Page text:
Kris Kobach didn’t always fight so hard to keep Democrats on the ballot
Back in 2012, former Lake Quivira Mayor Larry Meeker wanted to run for the Kansas House as a Democrat.
The one-time vice president of the Federal Reserve Bank of Kansas City filled out all the necessary paperwork and left it with a local Democratic Party factotum to deliver, along with candidacy papers for other local office-seekers, to the Kansas secretary of state’s office in Topeka by that year’s filing deadline.
Meeker assumed that everything was taken care of and planned to run as a Democrat against Republican Brett Hildabrand. Hildabrand the term before served the 23rd District out of Merriam, but moved to Shawnee after district boundaries got redrawn.
When Meeker’s name never showed up on the secretary of state’s list of eligible candidates, he and other local Democrats decided to look into what happened.
Democrats as the time said Kobach’s office lost Meeker’s documents; a party official signed a sworn statement indicating that he had handed the filing documents over to a deputy in the secretary of state’s office. That year’s filing deadline was a particularly messy affair after the courts had to complete a redistricting project that the Kansas Legislature couldn’t manage.
Kobach’s office responded that Meeker’s papers never arrived. Meeker appealed the decision to a three-person panel: Kobach, Kansas Attorney General Derek Schmidt and Lt. Gov. Jeff Colyer — all Republicans. Meeker, of course, lost his appeal.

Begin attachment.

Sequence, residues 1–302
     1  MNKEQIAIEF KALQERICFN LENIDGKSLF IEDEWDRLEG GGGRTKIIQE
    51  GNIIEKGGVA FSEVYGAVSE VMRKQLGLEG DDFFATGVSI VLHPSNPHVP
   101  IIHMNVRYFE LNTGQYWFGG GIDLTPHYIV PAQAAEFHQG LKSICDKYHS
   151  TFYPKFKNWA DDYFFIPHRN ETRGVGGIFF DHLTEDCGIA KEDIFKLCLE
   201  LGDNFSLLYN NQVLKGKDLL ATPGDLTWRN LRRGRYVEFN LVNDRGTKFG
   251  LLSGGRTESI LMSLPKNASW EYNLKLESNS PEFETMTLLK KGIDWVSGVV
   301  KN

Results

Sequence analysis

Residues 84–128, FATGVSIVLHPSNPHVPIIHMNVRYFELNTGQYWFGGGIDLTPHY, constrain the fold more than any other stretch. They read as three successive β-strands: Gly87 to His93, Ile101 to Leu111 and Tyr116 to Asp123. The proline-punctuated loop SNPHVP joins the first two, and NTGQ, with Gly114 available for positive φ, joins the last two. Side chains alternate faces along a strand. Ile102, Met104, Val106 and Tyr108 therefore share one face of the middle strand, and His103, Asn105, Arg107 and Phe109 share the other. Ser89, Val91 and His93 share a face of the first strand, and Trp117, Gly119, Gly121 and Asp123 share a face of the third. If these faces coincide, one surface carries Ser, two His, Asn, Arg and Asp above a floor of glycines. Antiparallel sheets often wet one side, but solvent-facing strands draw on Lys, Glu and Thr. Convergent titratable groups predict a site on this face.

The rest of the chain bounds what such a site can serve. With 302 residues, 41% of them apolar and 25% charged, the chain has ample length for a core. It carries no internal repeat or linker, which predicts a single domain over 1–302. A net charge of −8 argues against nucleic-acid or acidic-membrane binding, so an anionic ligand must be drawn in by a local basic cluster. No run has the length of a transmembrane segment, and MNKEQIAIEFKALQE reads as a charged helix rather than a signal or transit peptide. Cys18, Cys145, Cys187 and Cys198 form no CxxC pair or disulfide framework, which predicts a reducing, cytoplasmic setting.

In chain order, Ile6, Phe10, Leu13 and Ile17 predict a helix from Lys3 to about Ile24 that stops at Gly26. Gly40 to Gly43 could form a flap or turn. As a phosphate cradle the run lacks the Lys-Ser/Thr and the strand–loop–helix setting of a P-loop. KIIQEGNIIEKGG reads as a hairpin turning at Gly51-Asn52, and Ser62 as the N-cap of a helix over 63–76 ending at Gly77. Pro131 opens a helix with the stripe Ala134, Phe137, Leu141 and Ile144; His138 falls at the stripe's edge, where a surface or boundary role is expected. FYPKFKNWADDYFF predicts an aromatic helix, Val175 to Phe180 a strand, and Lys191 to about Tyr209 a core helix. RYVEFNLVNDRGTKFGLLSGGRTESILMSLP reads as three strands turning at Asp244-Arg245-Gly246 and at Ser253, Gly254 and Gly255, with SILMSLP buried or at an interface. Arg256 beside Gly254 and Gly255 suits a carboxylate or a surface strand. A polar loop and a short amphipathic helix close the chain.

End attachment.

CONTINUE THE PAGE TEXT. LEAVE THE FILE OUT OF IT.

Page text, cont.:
He instead ran as an independent for the 17th District against Hildabrand. No Democrat appeared on that ballot.
No one recalls Kobach doing much of anything to deliver a Democratic candidate to voters in the 17th District in 2012 after his office possibly misplaced Meeker’s filing papers.
“They chose to be very letter of the law in that case and say, ‘We didn’t have it,'” says Meeker, who this year successfully filed as a Democrat to run against Hildabrand once again. Meeker has the endorsements of the Greater Kansas City Chamber of Commerce’s political action committee, the Civic Council of Greater Kansas City and the Mainstream Coalition.
Kobach this year is fighting hard to make sure a Democrat runs against Pat Roberts. Kobach and other Republican officials say it’s not fair that Kansas Democrats don’t have a candidate after Chad Taylor renounced his candidacy after winning the party primary in August. The Kansas Supreme Court yesterday upheld that decision over Kobach’s objections.
Kobach’s concerns, however genuine, over Democrat voting choices aside, it benefits the GOP’s Roberts to have some Democrat on the ballot. Olathe businessman Greg Orman is running a close race against Roberts as an independent; the inclusion of a Democrat would surely siphon votes from Orman.
Kobach now says he’s waiting for the Kansas Democratic Party to find someone to run in Taylor’s stead.
Democratic officials say they don’t plan to foist anyone on the ballot.
A Kansas City, Kansas, Democrat sued his party to order someone on the November ballot. That man’s son works for Sam Brownback.